Direct discrimination occurs when someone with one of the above attributes is treated less favourably than another person without the attribute would be treated in the same or similar circumstances. For example:

Two employees perform the same job and have similar qualifications and experience. One is a male with no family responsibilities. The other is a female with family responsibilities. A development opportunity arises and is given to the male on the basis that, as a male with no family responsibilities, he is presumed to be more reliable and will be able to work longer hours.

Other examples of treating someone less favourably on the basis of an attribute they possess or by an act involving a distinction, exclusion or preference, include: * judging someone on their political or religious beliefs rather than their work performance; * using stereotypes or assumptions to guide decision-making about a person’s career; * undermining a person’s authority because of their race, gender or sexual preference; * making offensive jokes or comments about another worker’s racial or ethnic background, gender, sexual preference, age, disability or physical appearance; or * denying further training to employees on the basis of impairment.

Indirect discrimination occurs when a requirement is imposed:

* with which a person with the attribute does not or is not able to comply;

* with which a higher proportion of people without the attribute comply or are able to comply; and

* that is not reasonable.

It may initially appear that the requirement is fair because the same rules are applied to everyone, but a closer look at the effect of the requirement being imposed will show that some people are disproportionately affected by the requirement.

An employer requires all employees to wear a uniform that includes a cap. This is not a requirement for any safety or hygiene reason, but is done for appearance only. Whilst the requirement appears not to be discriminatory, because everyone must comply, the requirement may be indirectly discriminatory against persons who are required by religious or cultural beliefs to wear particular headdresses.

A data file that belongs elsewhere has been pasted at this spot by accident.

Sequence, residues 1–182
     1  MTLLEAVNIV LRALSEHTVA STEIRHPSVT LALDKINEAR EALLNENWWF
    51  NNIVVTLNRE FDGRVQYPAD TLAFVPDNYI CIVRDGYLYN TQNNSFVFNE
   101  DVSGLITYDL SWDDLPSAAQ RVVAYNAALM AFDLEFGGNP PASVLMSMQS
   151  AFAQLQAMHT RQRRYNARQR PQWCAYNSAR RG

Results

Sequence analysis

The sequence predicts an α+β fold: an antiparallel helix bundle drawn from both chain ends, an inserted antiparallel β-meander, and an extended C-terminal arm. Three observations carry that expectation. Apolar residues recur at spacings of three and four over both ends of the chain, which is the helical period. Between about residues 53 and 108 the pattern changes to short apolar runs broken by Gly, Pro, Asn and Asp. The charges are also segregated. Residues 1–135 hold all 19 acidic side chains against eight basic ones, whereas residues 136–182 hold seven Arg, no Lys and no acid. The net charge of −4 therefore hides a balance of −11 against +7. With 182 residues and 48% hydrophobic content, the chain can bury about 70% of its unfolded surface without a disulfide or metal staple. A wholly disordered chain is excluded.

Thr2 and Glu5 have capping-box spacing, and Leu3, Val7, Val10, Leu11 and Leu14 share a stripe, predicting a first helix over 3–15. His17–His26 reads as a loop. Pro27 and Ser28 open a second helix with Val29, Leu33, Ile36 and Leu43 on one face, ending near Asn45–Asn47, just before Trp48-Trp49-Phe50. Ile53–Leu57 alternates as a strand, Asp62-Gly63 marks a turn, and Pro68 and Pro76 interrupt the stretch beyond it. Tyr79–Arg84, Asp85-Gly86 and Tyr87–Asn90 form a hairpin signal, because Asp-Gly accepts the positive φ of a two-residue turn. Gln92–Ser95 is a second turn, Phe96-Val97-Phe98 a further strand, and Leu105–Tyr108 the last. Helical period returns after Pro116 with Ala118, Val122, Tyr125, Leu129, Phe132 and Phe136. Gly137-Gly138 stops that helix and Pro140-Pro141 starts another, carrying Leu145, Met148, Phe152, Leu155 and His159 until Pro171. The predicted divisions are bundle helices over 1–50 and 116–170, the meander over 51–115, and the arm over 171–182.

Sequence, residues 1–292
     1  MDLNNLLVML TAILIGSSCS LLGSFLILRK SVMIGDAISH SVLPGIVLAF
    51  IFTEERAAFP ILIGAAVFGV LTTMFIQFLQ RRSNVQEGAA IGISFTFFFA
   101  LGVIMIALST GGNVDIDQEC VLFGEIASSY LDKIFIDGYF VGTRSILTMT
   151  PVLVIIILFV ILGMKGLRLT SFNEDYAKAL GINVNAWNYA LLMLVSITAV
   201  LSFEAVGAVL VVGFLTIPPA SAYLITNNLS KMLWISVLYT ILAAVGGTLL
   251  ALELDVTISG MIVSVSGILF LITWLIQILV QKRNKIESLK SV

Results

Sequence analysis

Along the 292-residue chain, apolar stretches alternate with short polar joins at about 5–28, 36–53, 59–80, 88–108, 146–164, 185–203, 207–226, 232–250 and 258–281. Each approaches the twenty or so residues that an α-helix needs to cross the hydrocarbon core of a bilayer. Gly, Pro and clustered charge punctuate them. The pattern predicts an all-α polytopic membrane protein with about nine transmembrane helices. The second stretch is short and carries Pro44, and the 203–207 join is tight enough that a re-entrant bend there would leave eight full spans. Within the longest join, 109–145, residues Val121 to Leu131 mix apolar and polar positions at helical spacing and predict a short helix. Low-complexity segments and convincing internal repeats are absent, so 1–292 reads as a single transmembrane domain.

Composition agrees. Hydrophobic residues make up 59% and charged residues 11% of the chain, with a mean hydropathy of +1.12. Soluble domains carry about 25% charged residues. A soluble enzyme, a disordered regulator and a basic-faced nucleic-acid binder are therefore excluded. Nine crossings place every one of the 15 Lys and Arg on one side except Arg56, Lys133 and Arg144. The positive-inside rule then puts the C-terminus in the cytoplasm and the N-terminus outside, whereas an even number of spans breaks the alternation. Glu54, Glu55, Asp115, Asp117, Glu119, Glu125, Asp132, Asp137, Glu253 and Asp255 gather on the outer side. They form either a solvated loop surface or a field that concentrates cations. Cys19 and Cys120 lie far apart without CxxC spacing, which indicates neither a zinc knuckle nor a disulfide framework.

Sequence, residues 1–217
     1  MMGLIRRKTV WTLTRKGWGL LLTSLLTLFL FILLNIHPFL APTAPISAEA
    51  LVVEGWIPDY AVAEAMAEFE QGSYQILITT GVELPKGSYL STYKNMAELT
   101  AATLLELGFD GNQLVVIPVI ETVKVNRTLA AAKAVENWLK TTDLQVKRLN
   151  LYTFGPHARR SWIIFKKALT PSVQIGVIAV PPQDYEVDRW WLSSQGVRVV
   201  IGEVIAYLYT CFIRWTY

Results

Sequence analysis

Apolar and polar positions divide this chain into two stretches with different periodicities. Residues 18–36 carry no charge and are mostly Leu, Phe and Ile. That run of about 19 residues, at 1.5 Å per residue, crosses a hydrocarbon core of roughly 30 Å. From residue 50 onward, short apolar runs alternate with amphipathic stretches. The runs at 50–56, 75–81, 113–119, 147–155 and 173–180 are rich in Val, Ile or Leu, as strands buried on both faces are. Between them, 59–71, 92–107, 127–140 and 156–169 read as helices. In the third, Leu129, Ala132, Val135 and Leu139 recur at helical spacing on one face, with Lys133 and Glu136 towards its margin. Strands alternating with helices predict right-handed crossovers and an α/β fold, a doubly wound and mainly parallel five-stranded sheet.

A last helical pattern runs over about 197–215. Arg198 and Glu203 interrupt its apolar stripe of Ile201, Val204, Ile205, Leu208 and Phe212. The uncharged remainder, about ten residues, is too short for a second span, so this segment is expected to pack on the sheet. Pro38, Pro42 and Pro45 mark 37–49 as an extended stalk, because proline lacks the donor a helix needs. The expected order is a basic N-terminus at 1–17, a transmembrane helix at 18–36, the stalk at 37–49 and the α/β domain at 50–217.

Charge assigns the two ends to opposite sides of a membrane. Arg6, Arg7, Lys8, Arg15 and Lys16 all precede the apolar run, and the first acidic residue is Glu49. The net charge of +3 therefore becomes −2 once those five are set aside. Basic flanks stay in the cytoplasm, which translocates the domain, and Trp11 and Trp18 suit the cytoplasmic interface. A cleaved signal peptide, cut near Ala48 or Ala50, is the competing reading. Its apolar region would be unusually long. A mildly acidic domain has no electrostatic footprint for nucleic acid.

If an employee believes that they have been treated less favourably because of a personal attribute which is not a requirement of their position, the employee should raise their concerns in accordance with the complaints mechanisms set out in this policy.

Do not ignore discrimination thinking that it will just go away.



Federal and State legislation make sexual harassment unlawful.

Sexual harassment is essentially unwelcome sexual attention or unwelcome conduct of a sexual nature. It encompasses situations where a person is subjected to unsolicited and unwelcome sexual conduct by another person.

It may take the form of unwelcome touching or physical contact, remarks with sexual connotations, requests for sexual favours, leering or display of offensive material.

Sexual harassment will not be tolerated by Kiama Glass under any circumstances.

More specifically, sexual harassment occurs when a person: (a) subjects another to an unsolicited act of physical intimacy (e.g., patting, pinching or touching in a sexual way or unnecessary familiarity such as deliberately brushing against a person); (b) makes an unsolicited demand or request (whether directly or by implication) for sexual favours from the other person (e.g., sexual propositions); (c) makes a remark with sexual connotations relating to the other person (e.g., unwelcome and uncalled for remarks or insinuations about a person’s sex or private life or suggestive comments about a person’s appearance or body); or (d) engages in any other unwelcome conduct of a sexual nature in relation to the other person (e.g. offensive telephone calls or indecent exposure),